Featured Articles

TSMC: Volume production of 16nm FinFET in 2H 2015

TSMC: Volume production of 16nm FinFET in 2H 2015

TSMC has announced that it will begin volume production of 16nm FinFET products in the second half of 2015, in late…

More...
AMD misses earnings targets, announces layoffs

AMD misses earnings targets, announces layoffs

AMD has missed earnings targets and is planning a substantial job cuts. The company reported quarterly earnings yesterday and the street is…

More...
Did Google botch the Nexus 6 and Nexus 9?

Did Google botch the Nexus 6 and Nexus 9?

As expected, Google has finally released the eagerly awaited Nexus 6 phablet and its first 64-bit device, the Nexus 9 tablet.

More...
Gainward GTX 970 Phantom previewed

Gainward GTX 970 Phantom previewed

Nvidia has released two new graphics cards based on its latest Maxwell GPU architecture. The Geforce GTX 970 and Geforce GTX…

More...
EVGA GTX 970 SC ACX 2.0 reviewed

EVGA GTX 970 SC ACX 2.0 reviewed

Nvidia has released two new graphics cards based on its latest Maxwell GPU architecture. The Geforce GTX 970 and Geforce GTX…

More...
Frontpage Slideshow | Copyright © 2006-2010 orks, a business unit of Nuevvo Webware Ltd.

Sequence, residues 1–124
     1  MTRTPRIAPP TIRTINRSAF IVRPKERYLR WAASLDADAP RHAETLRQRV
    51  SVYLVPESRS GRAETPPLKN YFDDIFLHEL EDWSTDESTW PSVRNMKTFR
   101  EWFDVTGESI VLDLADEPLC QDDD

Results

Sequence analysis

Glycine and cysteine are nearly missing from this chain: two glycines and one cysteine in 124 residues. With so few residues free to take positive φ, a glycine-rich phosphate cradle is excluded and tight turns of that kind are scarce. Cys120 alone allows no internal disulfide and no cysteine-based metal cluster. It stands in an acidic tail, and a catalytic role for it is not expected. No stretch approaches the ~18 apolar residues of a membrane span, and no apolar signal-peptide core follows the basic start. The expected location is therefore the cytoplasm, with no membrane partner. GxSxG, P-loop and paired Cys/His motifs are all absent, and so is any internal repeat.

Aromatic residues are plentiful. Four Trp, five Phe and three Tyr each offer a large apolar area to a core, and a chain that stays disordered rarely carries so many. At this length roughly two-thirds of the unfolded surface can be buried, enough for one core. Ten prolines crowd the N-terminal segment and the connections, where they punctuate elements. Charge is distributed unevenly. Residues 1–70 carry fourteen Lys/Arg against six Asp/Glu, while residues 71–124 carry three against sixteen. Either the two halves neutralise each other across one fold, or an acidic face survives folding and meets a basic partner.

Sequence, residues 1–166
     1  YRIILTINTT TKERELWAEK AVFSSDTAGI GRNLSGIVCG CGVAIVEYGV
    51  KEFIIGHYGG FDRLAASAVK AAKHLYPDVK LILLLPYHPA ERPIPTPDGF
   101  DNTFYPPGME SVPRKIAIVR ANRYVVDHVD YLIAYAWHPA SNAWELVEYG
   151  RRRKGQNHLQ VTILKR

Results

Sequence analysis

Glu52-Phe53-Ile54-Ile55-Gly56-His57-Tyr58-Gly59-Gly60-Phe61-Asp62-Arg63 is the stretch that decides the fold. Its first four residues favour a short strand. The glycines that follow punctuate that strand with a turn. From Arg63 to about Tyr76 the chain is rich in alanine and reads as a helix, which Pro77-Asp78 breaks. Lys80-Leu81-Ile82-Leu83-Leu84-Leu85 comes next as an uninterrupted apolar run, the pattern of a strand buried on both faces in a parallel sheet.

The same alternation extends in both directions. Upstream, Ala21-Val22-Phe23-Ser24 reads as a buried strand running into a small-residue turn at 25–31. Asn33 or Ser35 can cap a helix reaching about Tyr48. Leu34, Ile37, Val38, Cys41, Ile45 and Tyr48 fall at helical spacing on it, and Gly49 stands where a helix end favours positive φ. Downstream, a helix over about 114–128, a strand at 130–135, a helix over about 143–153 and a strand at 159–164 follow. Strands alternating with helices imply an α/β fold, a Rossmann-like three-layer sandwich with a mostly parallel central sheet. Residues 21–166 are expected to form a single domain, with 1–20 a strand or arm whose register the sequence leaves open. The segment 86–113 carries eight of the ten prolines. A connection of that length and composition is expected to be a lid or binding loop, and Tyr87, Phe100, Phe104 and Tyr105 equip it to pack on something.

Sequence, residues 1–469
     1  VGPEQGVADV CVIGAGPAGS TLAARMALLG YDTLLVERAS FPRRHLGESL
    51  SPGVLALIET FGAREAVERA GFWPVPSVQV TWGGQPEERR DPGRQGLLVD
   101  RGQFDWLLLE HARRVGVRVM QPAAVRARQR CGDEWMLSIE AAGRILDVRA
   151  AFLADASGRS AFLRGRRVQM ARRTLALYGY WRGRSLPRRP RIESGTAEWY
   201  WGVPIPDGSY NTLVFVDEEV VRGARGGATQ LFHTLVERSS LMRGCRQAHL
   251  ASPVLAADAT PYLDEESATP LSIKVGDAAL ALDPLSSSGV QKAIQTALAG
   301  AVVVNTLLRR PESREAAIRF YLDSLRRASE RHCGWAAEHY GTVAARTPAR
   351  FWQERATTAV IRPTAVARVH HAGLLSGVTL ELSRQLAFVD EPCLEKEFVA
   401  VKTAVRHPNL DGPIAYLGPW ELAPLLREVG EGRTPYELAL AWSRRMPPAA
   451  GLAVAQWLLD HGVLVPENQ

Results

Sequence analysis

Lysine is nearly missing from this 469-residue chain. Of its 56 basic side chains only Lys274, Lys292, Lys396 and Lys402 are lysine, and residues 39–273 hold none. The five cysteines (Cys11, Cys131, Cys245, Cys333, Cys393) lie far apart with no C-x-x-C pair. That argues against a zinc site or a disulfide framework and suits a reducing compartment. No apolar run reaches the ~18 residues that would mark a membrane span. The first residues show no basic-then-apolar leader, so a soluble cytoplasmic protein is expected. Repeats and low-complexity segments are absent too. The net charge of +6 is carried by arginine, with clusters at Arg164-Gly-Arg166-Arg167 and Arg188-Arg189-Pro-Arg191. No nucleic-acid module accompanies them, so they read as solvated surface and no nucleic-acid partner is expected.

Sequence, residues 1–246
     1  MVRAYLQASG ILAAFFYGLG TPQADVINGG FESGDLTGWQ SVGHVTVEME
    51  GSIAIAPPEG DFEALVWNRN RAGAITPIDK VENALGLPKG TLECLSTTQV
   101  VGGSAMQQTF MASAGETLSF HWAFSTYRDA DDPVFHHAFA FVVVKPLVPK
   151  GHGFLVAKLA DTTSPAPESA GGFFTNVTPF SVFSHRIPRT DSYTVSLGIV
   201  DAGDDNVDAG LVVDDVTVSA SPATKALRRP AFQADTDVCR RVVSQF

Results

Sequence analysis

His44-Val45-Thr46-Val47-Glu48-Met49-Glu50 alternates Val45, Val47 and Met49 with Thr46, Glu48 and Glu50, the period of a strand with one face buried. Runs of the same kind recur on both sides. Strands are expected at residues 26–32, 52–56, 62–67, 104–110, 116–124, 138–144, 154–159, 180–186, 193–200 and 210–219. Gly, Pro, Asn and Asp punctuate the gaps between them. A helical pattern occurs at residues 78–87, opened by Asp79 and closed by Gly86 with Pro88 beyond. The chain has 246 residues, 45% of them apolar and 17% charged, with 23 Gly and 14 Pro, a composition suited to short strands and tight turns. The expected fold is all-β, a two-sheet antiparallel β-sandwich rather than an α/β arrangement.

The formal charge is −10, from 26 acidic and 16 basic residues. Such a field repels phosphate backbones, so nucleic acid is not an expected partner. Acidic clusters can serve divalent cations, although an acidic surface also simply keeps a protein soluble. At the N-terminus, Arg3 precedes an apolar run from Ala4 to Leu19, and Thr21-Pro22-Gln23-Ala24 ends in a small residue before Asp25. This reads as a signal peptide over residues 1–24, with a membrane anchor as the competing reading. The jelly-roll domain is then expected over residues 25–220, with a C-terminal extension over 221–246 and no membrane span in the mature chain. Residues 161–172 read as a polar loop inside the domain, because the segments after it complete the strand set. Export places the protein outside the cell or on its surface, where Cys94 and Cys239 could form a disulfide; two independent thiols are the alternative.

Friday, 16 March 2012 15:41

Intel buys eye tracking outfit

Written by Nick Farrell

intel logo new

Keeping an eye on new technology

Intel is betting big on the future of human interfaces with a $21 million investment in Tobii, a Swedish company that has been working for years on eye-tracking laptops and other devices.

The news, announced by co-founder and VP John Elvesjö comes on the heels of Tobii’s newest eye-tracking device, which was announced a week ago at CeBit. Elvesjö said that the cunning plan was always to test its technology small scale in laptops and then expand into larger markets like cars and mobile phones.

Eye-tracking is a influential feature that could grow in value. Tobii technology has already been showing how it can control Windows 8 via eye-tracking.

Tobii is unprofitable and 2010 saw a $3.5M loss. Its new eye-tracker is smaller and cheaper and draws less power than its predecessor. It can even be embedded.


Nick Farrell

E-mail: This e-mail address is being protected from spambots. You need JavaScript enabled to view it
blog comments powered by Disqus

 

Facebook activity

Latest Commented Articles

Recent Comments